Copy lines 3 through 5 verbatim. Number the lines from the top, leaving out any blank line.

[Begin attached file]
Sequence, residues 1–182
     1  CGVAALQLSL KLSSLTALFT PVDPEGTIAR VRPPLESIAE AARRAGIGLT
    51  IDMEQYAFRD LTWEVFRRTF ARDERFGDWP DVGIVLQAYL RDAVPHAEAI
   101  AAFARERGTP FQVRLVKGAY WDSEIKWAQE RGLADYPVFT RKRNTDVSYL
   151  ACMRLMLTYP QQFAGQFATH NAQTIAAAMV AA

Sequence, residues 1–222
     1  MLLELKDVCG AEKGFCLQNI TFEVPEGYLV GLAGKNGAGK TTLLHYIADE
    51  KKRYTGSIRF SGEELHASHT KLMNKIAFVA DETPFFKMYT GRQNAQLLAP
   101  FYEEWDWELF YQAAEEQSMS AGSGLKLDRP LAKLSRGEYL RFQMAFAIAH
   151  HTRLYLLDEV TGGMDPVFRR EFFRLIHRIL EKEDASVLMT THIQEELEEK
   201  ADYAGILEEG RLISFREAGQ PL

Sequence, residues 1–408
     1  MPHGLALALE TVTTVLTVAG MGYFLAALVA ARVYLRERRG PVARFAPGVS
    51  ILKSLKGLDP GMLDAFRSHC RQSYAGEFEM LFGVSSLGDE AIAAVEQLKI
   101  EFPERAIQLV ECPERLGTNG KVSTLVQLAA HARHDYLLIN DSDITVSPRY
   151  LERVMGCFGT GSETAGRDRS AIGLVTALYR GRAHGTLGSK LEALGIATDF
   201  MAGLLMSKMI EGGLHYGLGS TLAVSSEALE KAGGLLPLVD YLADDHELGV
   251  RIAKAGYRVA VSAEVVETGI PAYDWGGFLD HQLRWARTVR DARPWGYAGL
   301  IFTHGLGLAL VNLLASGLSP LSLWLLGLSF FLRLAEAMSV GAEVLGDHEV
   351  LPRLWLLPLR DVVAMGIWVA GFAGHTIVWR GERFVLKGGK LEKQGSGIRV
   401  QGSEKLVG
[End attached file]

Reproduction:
    51  IDMEQYAFRD LTWEVFRRTF ARDERFGDWP DVGIVLQAYL RDAVPHAEAI
   101  AAFARERGTP FQVRLVKGAY WDSEIKWAQE RGLADYPVFT RKRNTDVSYL
   151  ACMRLMLTYP QQFAGQFATH NAQTIAAAMV AA